Directorial debut from Mike Ahern and Enda Loughman, a lovely comedy about ghosts and a satanic rock star in small-town Ireland.
I’ve just finished watching Extra Ordinary and struggling to know what to say beyond, well, that was bloody lovely! Full of lovely people (even the baddie was a bit lovely), a lovely story, terrific production and not enough sex or violence that I might even sit down to watch it with my Mum one day. Well, a little bit of sex, with actual anoraks on.
OK, we need a bit more than “bloody lovely”. Let me phone for a Chinese and I’ll see what I can come up with.
Here goes. Extra Ordinary is about Rose (Maeve Higgins), a woman with the talent of being able to hear and communicate with ghosts. However, the associated risks have put her off for some years, and so now she makes her living as a driving instructor. Then one day, she decides to brush off her skills for the first time in years, because the daughter of a man she fancies (Barry Ward) is being held for a satanic sacrifice by aged rock star Christian Winter (Will Forte) in order that he can make a musical come-back. That might not sound too lovely, but trust me, it is.
Extra Ordinary had me laughing within the first few minutes, believe it or not, with a joke about haunted cheese. Most of the humor is pretty gentle; humble people nudging each other towards fun, ghosts haunting recycling bins, light verbal misunderstandings. But the cheese thing made it pretty clear from the start that nothing was to be taken seriously, and the whole thing is just for fun.
In my – granted limited – experience, Irish horror films tend to have too much religion or twee forest-related superstition. Although Extra Ordinary is absolutely riddled with ghosts, ectoplasm and a demon (yes, Rose’s and Christian Winter’s talents are real, not deluded in this story), there is virtually no religion and minimal Irish stereotypes. Instead, we have some down-to-Earth and (dare I say it again?) lovely people, all with personalities I can believe in. Rose has grown up with guilt over the loss of her father, though she presents a confident face a good deal of the time; Martin (the man she fancies) will go through anything to protect his daughter, but not sure if he can bear to be without his dead wife; and Christian Winter is just deliciously nasty.
My favorites were a couple of minor characters, mind you: Winter’s wife Claudia (Claudia O’Doherty) and Rose’s father Vincent (Risteard Cooper). Claudia is very entertaining, not bothered by her husband’s rituals, as long as the income goes up again. Vincent, on the other hand (who we only see in flashbacks or recordings), is a deeply serious ghostbuster, and a loving father at the same time.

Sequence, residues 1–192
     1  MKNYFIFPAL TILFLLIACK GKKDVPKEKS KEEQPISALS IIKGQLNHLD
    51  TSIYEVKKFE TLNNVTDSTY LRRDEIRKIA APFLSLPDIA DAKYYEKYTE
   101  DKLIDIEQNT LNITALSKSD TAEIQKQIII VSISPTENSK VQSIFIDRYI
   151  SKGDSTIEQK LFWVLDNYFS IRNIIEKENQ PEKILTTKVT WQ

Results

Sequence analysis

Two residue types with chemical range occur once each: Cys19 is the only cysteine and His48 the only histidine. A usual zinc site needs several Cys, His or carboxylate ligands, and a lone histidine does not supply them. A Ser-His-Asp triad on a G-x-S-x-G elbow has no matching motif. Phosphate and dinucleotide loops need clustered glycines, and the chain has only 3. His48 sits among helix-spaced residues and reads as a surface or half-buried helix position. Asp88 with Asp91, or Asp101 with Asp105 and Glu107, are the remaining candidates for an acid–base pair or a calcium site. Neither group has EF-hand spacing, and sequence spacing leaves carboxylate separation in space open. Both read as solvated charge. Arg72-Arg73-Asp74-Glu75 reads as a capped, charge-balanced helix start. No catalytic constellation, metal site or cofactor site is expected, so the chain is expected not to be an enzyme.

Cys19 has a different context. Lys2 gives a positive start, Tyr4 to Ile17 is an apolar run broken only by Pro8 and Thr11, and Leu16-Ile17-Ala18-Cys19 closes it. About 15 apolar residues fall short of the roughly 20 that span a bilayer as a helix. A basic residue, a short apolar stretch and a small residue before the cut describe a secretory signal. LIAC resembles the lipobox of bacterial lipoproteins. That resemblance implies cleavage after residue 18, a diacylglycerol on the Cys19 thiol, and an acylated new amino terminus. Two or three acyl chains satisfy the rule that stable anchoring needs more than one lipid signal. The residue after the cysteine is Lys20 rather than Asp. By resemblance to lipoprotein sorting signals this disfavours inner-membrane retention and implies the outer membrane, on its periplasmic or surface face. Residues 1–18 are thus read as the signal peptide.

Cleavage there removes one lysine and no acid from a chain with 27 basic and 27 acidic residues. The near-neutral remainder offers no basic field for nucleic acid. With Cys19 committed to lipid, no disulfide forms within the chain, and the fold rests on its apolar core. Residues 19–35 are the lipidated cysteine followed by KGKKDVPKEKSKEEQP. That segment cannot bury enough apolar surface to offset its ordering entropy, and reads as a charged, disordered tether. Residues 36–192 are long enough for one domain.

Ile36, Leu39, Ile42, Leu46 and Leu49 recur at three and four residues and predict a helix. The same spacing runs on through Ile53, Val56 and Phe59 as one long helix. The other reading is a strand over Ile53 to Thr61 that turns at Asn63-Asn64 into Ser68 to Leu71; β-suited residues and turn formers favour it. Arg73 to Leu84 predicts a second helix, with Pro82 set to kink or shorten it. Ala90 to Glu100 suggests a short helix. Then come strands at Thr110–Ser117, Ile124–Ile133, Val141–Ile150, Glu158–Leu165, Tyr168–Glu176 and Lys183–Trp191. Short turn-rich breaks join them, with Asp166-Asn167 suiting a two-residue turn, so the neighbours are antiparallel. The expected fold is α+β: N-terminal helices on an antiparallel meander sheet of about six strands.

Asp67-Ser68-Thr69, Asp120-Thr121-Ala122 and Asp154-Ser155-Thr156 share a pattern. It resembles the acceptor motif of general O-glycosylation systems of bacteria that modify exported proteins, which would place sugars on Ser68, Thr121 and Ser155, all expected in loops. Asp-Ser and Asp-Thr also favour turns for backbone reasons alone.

I’m not familiar with any of the cast, though perhaps I should have been to some degree: Barry Ward has been in a number of films and TV shows including The End of the ****ing World, and Will Forte was in Booksmart and was even Abraham Lincoln in The Lego Movie for Heaven’s sake! But with the quality of writing – dialogue so natural I reckon I could overhear something like it if I stick my head around any kitchen door – what’s particularly remarkable is that this is the first feature by writer Mike Ahern. He and Enda Loughman directed Extra Ordinary too, their first feature, and what an amazing job. There will be a high demand for more from this team.
I should mention the production quality too. The sets are small and simple but filmed with cozy intimacy. This isn’t a film with a high requirement for special effects (for the most part, the ghosts shake cutlery drawers or wear sheets), but when they do come, they are effective without being over fussy. The big win on that front is the music and sound effects, which create an excellent atmosphere and bring me right into the spirit of a ghosty adventure.
Grimmfest presented Extra Ordinary’s UK premiere, and what a great fun way to spend a Saturday evening. It will be worth watching out for when it hits home release in a few months’ time.
Alix has been writing for Ready Steady Cut since November 2017. They cover a wide variety, including genre festivals, and especially appreciates wit and representation on screen.